Your hidden point is that someone who hasn't learnt a low level language will have problems with efficient code in high level languages. There is a lot of truth in it. But to religiously tell people to go learn C++ before they code in Java is another thing.  A novice programmer starting a big project in C++ can only lead to disaster (of course it's the best way to learn). If you want to have a chance to actually finish something, I'd say choose and easy language and learn to use a profiler if your code is too slow.

There aren't any good roguelikes written in Java.
Oh that convinced me ;D
« Last Edit: August 23, 2013, 07:18:48 AM by miki151 »
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TheCreator

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Re: Creating an entirely new engine from the ground up (Java Project)
« Reply #4 on: August 23, 2013, 08:14:23 AM »
A novice programmer starting a big project in C++ can only lead to disaster (of course it's the best way to learn)

Yes, you should start from small projects. A novice programmer starting a big project is a disaster waiting to happen, no matter which language he will use. Complexity adds as many problems in C++ as it does in Java, but Java programmers are too lazy and unaware of the evils of the programming world, so that they are unable to deal with those problems.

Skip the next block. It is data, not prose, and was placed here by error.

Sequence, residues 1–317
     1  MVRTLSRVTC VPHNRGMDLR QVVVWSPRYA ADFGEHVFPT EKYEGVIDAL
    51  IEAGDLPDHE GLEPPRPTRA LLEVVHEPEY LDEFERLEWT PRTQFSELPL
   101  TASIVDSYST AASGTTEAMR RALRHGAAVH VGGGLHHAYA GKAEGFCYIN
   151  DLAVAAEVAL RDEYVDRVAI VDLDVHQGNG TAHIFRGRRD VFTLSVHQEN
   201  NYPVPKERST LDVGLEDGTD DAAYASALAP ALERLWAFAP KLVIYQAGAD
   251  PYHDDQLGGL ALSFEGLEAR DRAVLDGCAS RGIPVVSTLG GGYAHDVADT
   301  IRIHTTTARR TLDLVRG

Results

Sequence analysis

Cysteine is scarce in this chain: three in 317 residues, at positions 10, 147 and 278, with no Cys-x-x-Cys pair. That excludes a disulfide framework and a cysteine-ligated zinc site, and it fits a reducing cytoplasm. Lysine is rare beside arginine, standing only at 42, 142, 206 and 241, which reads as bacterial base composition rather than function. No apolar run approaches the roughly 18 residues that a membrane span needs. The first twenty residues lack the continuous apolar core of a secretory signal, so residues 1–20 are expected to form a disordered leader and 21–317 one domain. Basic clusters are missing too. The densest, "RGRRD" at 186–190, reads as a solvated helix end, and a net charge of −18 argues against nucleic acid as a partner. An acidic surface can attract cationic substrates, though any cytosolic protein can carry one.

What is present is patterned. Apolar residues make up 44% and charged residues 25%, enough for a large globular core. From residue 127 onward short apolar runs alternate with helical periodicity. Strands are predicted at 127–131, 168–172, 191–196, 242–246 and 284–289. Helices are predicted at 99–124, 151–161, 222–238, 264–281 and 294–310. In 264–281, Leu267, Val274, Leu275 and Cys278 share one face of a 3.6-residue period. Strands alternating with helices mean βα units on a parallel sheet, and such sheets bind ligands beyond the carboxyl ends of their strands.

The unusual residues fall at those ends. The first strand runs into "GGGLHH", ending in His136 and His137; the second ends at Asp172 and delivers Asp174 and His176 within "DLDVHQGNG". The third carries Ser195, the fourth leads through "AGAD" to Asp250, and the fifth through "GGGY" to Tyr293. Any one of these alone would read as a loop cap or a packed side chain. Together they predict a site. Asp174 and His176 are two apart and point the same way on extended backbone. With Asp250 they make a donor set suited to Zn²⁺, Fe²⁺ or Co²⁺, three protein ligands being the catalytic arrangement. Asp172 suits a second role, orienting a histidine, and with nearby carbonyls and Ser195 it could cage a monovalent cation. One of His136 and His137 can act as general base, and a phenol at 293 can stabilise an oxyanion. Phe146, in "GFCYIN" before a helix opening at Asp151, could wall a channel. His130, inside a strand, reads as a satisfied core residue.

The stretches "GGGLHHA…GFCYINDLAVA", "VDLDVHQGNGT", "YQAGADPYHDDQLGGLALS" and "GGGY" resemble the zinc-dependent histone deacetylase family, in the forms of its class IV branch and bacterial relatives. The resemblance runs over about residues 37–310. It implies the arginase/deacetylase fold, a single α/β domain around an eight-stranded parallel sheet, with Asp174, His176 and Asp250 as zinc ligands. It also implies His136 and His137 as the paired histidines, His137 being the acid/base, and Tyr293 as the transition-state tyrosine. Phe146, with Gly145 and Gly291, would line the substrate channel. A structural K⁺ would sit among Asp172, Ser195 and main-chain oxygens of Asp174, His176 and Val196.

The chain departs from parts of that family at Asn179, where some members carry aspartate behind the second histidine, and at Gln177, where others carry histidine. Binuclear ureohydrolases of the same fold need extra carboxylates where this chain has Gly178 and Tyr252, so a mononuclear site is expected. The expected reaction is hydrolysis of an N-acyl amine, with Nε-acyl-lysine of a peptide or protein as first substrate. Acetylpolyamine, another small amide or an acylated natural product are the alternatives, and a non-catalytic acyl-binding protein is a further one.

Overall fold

Quote
If you want to have a chance to actually finish something, I'd say choose and easy language and learn to use a profiler if your code is too slow.

Lack of efficiency is only one problem. Besides, a Java profiler may tell you that a string operation (for example) is slow, but you will never know why until you learn to program in a low-level language.

Quote
Oh that convinced me ;D

Well, let's look at the "Big Five" from the Roguebasin page. All written in C or C++. No Java games. Does that convince you? :P
Fame (Untitled) - my game. Everything is a roguelike.

Krice

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Re: Creating an entirely new engine from the ground up (Java Project)
« Reply #5 on: August 23, 2013, 08:56:11 AM »
but Java programmers are too lazy and unaware of the evils of the programming world

If the language doesn't matter, why do you say anything like that? C++ programmers can be "lazy" too, so can it be generalized to all C++ programmers?

About engines, I think there is no reason to create a "generic" engine, because it's almost impossible to know what features a roguelike game requires. However, you can create an engine for a roguelike game with specific features in mind. That way you get firm support for those features which are part of the engine, not just something hacked in quickly.
« Last Edit: August 23, 2013, 08:58:24 AM by Krice »

TheCreator

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Re: Creating an entirely new engine from the ground up (Java Project)
« Reply #6 on: August 23, 2013, 09:06:09 AM »
If the language doesn't matter, why do you say anything like that? C++ programmers can be "lazy" too, so can it be generalized to all C++ programmers?

If C++ programmers get too lazy, they are punished for that sorely and either retire from real programming or change their approach, work hard and actually achieve something. Of course that does not apply to you because you never make any mistakes, do I need to add?
Fame (Untitled) - my game. Everything is a roguelike.

miki151

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Re: Creating an entirely new engine from the ground up (Java Project)